The vlog was not about those luxurious tourist destinations I would never be able to experience in my lifetime anyway. It was also not about those extravagant apparel that cost more than my monthly salary. It was likewise not about those lavish food that cannot even fill up my stomach.

“The vlog is actually funny, but it makes me cry a good one.”

The vlog is actually funny, but it makes me cry a good one. It brings back so many memories, really happy memories, and brings in so many thoughts that are more like wishes or dreams that can come true. It makes me think, imagine, even fantasize. It. Makes. Me. Happy.

To avoid spoiling your very own personal experience with the vlog, just watch them yourself and tell me I am crazy.

My best friend is not anywhere near Alex Gonzaga, but this video reminds me of her, and how she and I are with my wife, and all those good times we all had, even when we were really poor. We were really, very good friends since way back. Watch!

My wife is not anywhere near Jessy Mendiola, and my wife and I have no wedding memes; in fact, we didn’t even have a wedding “wedding.” It was a just mass wedding (kasalang bayan) sponsored by some politician. But, still, it was a memorable wedding, and we enjoyed the small reception at home (sponsored by another politician). Watch!

My mother is not anywhere near Vilma Santos. Well, nobody is anywhere near Vilma Santos, period. My mother is also not a talker; she barely talks. My mother is likewise not funny nor fun-loving; she looks like she has only known pain all her life, except perhaps these last several years, although she still does not crack jokes, tell stories, or do small talk. She just smiles, without teeth, and laughs, but with her head constantly nodding slowly, gently, and repeatedly. Once in a while, however, she gives me advice in one-sentence installments. These few and rare words of wisdom I keep in my heart. Watch!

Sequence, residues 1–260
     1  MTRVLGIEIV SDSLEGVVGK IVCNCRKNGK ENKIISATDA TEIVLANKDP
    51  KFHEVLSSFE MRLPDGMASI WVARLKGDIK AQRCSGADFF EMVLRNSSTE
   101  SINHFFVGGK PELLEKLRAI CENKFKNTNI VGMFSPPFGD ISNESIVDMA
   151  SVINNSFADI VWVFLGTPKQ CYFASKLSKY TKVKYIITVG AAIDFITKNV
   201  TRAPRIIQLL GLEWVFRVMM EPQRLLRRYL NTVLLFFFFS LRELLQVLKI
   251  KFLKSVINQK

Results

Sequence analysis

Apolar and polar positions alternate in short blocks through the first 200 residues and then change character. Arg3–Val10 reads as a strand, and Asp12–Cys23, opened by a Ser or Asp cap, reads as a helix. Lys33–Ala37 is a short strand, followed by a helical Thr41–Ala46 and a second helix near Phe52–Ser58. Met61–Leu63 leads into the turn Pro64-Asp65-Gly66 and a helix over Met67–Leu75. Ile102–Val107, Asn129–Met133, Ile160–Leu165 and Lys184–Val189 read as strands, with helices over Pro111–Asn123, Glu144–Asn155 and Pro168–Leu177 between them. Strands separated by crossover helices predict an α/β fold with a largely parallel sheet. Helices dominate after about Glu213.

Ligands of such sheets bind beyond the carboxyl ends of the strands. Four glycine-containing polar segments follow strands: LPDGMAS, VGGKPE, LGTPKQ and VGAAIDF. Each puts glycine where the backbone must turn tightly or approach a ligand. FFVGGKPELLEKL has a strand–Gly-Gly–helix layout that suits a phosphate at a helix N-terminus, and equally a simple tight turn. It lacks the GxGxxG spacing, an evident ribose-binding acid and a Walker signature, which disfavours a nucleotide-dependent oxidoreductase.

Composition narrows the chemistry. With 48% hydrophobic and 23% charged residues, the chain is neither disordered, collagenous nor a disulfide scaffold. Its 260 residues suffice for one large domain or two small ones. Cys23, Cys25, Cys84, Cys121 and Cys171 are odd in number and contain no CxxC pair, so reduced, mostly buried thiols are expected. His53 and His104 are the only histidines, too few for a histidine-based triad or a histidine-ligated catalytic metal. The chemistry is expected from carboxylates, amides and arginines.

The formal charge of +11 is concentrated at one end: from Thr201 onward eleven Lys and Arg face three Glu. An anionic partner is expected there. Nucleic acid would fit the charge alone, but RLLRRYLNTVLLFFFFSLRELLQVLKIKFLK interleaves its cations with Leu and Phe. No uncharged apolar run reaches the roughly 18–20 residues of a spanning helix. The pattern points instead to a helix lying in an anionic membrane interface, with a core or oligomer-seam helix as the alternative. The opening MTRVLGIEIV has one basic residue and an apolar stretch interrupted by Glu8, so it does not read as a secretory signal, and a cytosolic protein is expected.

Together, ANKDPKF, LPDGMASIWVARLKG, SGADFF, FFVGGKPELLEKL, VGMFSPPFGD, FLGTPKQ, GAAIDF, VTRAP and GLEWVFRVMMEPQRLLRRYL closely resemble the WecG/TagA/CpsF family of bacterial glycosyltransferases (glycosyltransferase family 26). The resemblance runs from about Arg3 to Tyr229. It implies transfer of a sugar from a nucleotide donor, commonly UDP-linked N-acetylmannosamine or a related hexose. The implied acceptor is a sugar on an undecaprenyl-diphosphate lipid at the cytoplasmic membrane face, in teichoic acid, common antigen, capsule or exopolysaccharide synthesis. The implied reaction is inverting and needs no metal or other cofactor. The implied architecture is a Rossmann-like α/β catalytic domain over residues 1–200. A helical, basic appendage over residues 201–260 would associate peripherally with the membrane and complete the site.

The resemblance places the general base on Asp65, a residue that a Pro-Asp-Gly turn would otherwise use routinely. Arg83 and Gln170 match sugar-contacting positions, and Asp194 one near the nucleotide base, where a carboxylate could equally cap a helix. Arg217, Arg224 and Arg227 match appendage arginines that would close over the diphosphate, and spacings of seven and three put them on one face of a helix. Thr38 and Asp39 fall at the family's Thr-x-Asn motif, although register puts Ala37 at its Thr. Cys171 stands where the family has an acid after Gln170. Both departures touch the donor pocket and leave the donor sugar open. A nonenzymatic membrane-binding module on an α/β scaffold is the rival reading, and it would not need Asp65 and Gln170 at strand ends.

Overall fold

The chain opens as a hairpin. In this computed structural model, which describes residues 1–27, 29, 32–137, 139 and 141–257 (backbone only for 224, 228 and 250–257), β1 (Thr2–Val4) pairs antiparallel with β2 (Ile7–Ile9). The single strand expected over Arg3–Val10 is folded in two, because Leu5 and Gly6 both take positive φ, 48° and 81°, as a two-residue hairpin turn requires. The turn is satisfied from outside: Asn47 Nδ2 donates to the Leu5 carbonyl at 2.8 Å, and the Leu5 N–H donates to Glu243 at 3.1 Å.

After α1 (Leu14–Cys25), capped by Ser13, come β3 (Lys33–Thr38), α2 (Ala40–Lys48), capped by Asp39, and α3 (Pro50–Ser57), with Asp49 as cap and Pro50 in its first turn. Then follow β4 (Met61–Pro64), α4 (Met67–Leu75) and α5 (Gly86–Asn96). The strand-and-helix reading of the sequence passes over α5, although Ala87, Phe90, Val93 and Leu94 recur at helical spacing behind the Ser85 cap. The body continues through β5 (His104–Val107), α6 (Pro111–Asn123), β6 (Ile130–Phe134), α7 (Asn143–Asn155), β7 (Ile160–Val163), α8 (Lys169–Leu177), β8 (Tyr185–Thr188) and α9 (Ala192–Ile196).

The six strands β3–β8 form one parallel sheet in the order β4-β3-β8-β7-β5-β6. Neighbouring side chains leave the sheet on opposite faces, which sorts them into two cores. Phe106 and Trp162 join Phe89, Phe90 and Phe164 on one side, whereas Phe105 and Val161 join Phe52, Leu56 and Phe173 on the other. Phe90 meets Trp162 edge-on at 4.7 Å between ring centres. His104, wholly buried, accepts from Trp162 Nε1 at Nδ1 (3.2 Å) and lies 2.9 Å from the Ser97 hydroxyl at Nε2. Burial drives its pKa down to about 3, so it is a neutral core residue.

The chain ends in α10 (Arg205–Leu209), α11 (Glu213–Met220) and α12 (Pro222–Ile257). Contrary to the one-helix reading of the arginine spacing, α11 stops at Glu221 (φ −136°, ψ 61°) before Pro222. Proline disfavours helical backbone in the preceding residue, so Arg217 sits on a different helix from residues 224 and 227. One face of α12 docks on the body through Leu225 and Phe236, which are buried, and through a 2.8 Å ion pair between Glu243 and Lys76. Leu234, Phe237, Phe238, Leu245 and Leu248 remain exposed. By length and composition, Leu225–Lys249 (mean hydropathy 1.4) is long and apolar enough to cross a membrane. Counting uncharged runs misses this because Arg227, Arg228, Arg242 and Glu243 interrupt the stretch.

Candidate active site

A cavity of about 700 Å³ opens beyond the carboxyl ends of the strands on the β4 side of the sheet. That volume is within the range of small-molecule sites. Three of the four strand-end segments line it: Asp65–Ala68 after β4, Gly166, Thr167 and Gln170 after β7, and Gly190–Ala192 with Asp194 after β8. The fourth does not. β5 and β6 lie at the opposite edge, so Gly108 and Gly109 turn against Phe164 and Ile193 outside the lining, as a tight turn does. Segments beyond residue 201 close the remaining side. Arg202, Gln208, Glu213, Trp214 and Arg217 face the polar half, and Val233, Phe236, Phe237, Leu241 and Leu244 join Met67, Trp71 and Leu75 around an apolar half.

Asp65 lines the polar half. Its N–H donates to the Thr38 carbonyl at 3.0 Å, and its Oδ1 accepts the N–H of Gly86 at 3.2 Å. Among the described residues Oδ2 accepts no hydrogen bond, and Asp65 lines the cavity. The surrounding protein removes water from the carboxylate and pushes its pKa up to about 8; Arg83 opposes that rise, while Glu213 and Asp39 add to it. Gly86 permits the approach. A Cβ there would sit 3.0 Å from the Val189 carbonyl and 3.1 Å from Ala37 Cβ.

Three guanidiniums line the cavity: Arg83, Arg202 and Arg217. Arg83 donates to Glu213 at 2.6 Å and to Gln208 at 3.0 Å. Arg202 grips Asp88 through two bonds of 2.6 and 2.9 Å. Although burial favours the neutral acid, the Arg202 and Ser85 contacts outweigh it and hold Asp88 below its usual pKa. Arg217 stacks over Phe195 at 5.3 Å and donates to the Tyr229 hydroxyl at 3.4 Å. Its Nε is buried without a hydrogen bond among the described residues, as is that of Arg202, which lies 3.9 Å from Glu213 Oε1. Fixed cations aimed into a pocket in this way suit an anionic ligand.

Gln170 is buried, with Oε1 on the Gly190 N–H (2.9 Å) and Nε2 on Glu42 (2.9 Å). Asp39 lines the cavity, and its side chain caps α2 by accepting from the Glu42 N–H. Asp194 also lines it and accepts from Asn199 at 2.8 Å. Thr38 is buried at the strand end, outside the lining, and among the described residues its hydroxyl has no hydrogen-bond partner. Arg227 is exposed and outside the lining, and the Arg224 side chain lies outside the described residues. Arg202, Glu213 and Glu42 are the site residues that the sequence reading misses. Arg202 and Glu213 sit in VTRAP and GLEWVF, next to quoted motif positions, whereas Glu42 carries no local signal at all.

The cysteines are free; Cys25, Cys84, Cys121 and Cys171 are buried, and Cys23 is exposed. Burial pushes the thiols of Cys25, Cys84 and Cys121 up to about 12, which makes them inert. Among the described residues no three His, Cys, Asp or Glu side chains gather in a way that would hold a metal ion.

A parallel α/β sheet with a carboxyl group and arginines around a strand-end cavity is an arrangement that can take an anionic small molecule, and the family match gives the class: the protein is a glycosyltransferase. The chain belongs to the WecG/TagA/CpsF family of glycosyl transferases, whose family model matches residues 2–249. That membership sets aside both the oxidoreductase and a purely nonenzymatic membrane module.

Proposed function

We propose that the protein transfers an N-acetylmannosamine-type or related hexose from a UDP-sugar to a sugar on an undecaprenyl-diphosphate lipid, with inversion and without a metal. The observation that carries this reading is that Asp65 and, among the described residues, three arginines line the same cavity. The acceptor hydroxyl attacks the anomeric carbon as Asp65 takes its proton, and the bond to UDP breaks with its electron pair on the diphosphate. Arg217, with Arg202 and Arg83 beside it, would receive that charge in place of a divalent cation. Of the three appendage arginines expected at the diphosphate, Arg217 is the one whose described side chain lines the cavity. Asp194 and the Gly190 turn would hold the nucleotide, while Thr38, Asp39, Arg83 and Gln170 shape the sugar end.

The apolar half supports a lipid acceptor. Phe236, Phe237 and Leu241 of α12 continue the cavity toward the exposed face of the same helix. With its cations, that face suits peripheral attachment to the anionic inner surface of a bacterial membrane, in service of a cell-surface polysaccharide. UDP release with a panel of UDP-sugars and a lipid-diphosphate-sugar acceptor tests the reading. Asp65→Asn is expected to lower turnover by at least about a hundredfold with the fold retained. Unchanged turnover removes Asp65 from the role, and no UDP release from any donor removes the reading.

Have you watched them all? Nothing fancy. No fireworks. No high-tech graphics and sci-fi effects. Just pure and unadulterated life as they (these artistas) know it. Sincere. Unscripted. Natural. Free-flowing. And, yes, funny. Did I already say heartfelt? 

My only problem is that I do not know the schedule of the releases of new episodes. I just keep on checking if a new one has already been uploaded. I guess that adds to the excitement, having something to look forward to, patiently waiting for the next one to come. Oh well.

You see, we all have hardships to endure, triumphs to chase, and everything in between. When life seems complicated, we have to find a way to go over the hump and continue the journey, wherever it may lead us. Others go shopping or do gambling, which I do not have the money for. Others play online games or do movie marathons, which I do not have the time for. Others sleep and sleep, which I do, too, but not before checking out Lucky TV.

Even with only a few vlogs that I watched, some of which I watched three times or more already, I can say that there is a Lucky Manzano in each one of us. Like him, we love our mothers. Like him, we love our wives. Like him, we love our friends. Like him, we all try to find joy, wherever it may be, and create happiness, however we can.